Turkey’s Referendum: Political Stability Or Descent Into Total State Control?


A referendum scheduled to take place in Turkey on April 16, 2017, is threatening to reconfigure the democratic structure of the nation, which would see the ending of a parliamentary system in favour of an executive presidency. Not only would this inhibit the ability of the Turkish government to keep the powers of the head of state in check, it would secure current President Erdogan and his AK party in power.

While the government maintains that an executive style government would ensure political stability, Turkey is a nation which enjoys religious and ethnic diversity and is split down both religious and ethnic lines with secular, religious, and nationalist citizens, as well as Turks, Kurds, Alevis, Greeks, Armenians, and Jews. Embracing an executive government risks shutting out those voices, which would present the potential for continued instability.

Since the failed coup last year, President Erdogan and his government have initiated a crackdown on citizen freedoms, with the arrest of around 50,000 citizens and over 100,000 losing their jobs. In spite of this, only a small portion of these citizens was involved with the coup. The leaders and 10 members of the People’s Democratic Party, the third-largest political party in Turkey, remain in prison. While the government has a duty to keep its citizens safe, these powers are no longer being used to protect, instead they are being used to silence those who speak out against the government. If the referendum is successful, President Erdogan will be free to continue using these powers with minimal constraints.

Those who have spoken out about the referendum have already faced arrests and been victims of violent actions from Erdogan supporters. Officials of the main opposition party have reported that those voting ‘no’ have faced 143 attacks so far during the campaign. Additionally, those from the “no” campaign have been denied the use of meeting halls and their rallies have been banned. As the majority of media in the country is under state control, the government’s campaign for the changes has enjoyed five times more airtime than their opposition.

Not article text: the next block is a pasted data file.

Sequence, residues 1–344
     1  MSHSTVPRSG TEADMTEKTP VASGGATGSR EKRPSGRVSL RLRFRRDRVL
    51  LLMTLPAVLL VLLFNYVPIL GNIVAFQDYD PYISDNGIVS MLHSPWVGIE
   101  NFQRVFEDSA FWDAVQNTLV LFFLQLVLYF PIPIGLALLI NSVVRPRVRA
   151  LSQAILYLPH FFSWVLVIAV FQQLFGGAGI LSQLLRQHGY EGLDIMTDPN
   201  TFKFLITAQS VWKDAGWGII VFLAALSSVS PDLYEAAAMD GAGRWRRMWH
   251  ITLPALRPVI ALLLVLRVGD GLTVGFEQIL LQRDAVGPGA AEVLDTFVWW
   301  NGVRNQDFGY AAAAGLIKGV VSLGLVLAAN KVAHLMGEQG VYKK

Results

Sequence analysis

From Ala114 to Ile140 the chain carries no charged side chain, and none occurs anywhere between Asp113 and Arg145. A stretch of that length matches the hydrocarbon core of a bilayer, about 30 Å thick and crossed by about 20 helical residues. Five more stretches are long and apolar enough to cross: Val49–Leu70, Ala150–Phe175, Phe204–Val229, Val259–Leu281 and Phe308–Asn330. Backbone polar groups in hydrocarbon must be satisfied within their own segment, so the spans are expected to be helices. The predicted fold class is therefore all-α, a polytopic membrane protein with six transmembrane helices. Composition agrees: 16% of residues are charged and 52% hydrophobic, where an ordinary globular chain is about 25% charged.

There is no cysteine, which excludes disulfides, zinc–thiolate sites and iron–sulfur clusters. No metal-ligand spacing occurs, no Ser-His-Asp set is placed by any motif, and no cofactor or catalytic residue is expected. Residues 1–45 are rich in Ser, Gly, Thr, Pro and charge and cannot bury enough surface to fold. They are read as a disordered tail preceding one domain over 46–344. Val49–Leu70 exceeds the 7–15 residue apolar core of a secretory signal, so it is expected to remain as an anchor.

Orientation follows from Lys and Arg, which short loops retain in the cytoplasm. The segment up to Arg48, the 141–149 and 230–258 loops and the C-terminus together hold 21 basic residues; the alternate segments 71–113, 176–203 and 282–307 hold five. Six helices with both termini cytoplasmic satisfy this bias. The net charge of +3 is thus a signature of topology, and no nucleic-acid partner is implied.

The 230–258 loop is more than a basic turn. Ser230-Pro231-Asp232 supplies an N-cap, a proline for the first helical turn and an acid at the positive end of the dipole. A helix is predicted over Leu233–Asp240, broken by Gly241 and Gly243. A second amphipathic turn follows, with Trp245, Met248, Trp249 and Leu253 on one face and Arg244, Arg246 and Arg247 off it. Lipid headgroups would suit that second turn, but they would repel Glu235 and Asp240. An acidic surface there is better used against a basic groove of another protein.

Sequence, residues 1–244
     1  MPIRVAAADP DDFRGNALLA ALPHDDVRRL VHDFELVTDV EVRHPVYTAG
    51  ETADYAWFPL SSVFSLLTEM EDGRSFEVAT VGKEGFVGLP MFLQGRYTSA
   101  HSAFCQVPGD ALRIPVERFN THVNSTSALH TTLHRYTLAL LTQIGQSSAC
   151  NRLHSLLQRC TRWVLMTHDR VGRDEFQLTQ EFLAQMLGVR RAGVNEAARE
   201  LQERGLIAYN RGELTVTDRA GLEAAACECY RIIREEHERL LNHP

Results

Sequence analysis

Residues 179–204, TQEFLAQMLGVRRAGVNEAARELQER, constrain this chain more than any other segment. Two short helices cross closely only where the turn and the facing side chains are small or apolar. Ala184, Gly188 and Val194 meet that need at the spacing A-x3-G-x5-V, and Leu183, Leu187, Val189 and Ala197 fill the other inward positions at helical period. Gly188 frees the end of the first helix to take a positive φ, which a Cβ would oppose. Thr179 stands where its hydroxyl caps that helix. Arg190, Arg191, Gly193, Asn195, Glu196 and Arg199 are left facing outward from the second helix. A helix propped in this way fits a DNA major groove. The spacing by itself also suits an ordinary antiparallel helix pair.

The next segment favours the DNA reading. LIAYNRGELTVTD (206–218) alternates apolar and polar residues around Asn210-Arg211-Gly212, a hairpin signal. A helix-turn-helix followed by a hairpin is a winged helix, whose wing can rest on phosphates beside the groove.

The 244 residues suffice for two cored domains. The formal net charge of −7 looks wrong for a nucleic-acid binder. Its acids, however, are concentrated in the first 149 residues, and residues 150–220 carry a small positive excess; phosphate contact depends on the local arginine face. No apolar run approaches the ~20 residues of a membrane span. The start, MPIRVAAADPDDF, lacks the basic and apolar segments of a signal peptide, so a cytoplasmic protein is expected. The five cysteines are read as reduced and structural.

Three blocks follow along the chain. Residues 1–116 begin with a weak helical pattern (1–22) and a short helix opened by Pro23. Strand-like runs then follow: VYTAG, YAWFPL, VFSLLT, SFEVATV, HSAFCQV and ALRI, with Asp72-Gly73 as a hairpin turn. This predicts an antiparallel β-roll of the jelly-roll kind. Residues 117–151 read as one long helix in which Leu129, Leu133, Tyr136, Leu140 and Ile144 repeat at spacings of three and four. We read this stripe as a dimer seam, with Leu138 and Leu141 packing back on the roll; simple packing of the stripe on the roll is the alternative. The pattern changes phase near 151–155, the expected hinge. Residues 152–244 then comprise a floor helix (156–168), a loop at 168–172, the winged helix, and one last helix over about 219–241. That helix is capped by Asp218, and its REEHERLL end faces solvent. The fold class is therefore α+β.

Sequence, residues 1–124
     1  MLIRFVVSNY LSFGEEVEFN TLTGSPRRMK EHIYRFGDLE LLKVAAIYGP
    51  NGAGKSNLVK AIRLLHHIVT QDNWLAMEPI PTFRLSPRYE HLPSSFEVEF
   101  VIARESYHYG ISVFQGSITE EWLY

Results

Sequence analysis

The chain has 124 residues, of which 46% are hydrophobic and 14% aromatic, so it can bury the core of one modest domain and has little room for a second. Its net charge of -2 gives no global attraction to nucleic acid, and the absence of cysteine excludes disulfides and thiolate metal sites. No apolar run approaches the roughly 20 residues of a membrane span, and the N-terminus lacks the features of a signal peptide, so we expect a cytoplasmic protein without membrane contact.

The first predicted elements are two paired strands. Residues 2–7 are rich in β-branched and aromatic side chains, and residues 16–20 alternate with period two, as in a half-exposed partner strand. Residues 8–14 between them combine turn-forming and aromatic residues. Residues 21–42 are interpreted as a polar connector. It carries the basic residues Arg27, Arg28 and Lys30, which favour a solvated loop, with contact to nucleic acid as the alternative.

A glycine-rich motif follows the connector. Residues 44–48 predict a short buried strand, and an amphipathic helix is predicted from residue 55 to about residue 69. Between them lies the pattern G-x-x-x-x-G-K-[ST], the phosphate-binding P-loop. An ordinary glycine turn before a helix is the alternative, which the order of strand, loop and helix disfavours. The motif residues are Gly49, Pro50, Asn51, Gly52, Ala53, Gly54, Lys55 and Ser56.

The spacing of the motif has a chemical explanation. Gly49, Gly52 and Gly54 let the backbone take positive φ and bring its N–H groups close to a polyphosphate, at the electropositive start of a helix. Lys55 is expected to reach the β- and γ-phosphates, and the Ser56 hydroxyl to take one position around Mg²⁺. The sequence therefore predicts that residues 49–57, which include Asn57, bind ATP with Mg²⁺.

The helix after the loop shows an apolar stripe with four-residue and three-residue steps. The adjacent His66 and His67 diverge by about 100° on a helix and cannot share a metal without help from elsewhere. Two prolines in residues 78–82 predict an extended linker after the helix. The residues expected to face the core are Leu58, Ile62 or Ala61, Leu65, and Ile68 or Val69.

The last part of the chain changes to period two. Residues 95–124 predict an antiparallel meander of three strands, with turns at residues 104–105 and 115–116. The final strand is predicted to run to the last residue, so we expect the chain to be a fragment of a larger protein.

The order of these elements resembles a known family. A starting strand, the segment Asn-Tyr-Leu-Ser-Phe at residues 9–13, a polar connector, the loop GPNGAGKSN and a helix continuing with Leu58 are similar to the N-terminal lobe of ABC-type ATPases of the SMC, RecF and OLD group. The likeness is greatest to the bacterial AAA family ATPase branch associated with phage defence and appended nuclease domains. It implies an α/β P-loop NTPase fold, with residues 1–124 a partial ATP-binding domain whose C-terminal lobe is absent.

It is believed by those who have campaigned for a democratic and secular Turkey that a successful “no” vote will halt an increasingly totalitarian regime. Alternatively, a “yes” vote would push the nation towards an elected dictatorship, including (if Erdogan stays true to his promise) a resurgence of capital punishment, and the end to Turkey’s bid to join the European Union.

While national polling has the “yes” votes at a very narrow lead, the results remain within the margin of error, the sign of an extremely tight campaign, which could see Sunday’s vote going either way.

Ashleigh Streeter-Jones

Ashleigh Streeter-Jones

Currently studying her Masters of Diplomacy at the Australian National University. With a background in development and a particular interest in women, peace, and security, the OWP allows her to write about current events and explore these themes, including the link between political decisions, conflict, and the individual, with a particular interest in peace building and transitional justice.
Ashleigh Streeter-Jones

About Ashleigh Streeter-Jones

Currently studying her Masters of Diplomacy at the Australian National University. With a background in development and a particular interest in women, peace, and security, the OWP allows her to write about current events and explore these themes, including the link between political decisions, conflict, and the individual, with a particular interest in peace building and transitional justice.